In 2013, Google and Facebook began to recruit the few researchers who had specialized in these subjects. It’s the neural networks that now help recognize faces in photos posted on Facebook, do speech recognition on Amazon Echo, or instantly translate foreign languages, like on Skype. Using the same mathematical techniques, researchers are improving autonomous driving, or developing scanners capable of detecting diseases, assistants capable not only of recognizing words but of understanding them, automated trading systems, robots capable of choosing products. without having seen them before …
Golden bridges for university professors
With so few specialists available, big tech companies are turning to universities to recruit. But in doing so, they cut into the number of teachers available for teaching. Uber hired 40 people from a recognized program at Carnegie Mellon University to work on its self-driving car project. In recent years, four of Stanford’s best-known researchers have left or taken leave of their chairs. In Washington, six of the 20 professors of artificial intelligence who are on leave, full or part time, and now work for private companies.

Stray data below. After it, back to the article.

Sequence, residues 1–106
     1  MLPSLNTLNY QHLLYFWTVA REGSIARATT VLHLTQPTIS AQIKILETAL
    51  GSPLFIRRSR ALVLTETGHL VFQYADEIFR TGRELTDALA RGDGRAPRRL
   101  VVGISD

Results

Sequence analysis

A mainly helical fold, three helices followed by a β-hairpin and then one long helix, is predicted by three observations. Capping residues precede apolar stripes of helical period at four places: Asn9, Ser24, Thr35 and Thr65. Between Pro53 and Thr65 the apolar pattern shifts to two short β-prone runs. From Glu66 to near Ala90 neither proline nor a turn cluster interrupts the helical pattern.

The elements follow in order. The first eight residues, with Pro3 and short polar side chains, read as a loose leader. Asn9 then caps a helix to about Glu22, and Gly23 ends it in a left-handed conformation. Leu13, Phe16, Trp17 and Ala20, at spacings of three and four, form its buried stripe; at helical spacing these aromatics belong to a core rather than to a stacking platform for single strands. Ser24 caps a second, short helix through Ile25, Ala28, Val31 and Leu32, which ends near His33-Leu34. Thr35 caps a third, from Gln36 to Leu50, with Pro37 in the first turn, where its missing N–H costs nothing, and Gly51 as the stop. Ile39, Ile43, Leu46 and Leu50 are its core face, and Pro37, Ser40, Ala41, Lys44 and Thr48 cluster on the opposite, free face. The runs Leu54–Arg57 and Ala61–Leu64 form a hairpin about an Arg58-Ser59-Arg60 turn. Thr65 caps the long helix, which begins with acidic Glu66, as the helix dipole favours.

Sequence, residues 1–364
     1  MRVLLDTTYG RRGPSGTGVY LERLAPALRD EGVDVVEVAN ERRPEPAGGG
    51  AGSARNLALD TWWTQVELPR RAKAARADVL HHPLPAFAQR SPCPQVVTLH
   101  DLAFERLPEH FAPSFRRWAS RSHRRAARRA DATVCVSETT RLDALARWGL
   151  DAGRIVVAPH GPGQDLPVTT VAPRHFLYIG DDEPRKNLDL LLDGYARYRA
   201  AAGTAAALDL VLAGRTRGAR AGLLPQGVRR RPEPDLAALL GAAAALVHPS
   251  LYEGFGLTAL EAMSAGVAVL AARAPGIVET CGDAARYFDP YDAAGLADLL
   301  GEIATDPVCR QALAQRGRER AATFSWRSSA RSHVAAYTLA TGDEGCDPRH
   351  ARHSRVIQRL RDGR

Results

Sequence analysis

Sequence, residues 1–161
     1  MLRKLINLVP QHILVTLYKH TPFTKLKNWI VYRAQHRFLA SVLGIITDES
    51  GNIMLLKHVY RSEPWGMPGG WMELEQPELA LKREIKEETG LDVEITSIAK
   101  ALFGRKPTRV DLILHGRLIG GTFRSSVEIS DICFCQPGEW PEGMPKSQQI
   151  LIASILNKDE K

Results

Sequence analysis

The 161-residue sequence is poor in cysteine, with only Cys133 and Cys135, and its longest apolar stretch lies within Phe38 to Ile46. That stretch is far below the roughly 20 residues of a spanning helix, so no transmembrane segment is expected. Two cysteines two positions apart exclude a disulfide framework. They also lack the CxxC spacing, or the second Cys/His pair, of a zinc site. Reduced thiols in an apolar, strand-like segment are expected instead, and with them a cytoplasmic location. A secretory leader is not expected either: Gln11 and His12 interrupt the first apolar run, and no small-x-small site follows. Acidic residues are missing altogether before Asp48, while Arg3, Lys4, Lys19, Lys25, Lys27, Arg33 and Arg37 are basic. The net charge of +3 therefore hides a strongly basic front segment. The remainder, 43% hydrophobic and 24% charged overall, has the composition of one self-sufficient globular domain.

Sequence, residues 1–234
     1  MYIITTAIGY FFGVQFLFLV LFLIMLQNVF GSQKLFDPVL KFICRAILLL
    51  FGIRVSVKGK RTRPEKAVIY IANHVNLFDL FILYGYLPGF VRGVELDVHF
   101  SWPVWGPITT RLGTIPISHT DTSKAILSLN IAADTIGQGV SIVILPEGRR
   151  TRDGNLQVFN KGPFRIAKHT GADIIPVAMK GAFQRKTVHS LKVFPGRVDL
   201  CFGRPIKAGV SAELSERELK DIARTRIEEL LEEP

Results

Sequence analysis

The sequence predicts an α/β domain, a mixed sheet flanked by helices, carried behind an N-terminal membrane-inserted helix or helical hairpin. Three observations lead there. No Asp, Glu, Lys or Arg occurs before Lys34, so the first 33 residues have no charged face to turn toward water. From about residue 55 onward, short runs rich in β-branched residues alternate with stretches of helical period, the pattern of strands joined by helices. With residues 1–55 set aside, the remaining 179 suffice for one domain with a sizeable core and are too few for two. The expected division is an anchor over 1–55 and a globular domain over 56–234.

Some find a way to compromise. Luke Zettlemoyer of the University of Washington turned down a job in a Seattle lab run by Google that would have allowed him to triple his current salary (around $ 180,000). Instead, he chose a position at the Allen Institute that allows him to continue teaching.
Another way to deal with the shortage is training. Companies like Google and Facebook organize courses to teach their employees deep learning and related techniques. Fast.ai, a non-profit organization, or the Deeplearning.ai company, founded by a former Stanford professor who helped create the Google Brain lab, offer online classes.
The basic concepts of deep learning are not difficult to understand, requiring little more than a mastery of high school math. But real expertise requires a much higher level of mathematics and a form of intuition that some even call “Dark art”. And specific knowledge is also required for areas such as autonomous cars, robotics, healthcare, etc.
A talent shortage that is likely to last
Under these conditions, small businesses find it difficult to compete. In order to keep pace, they look for talent in unusual places. Some hire physicists and astronomers who have the necessary math skills. Other American startups are looking for employees in Asia, Eastern Europe and wherever wages are lower.
Except the industry giants are doing the same. Google, Facebook, Microsoft and others have opened labs in Toronto and Montreal, where much of the research outside of the United States is done. Google is also hiring in China.
Not surprisingly, many believe the talent shortage will last for several years. And according to a professor at the University of Montreal and eminent researcher, things are not likely to get better, for one simple reason: “It takes several years to train a doctor. “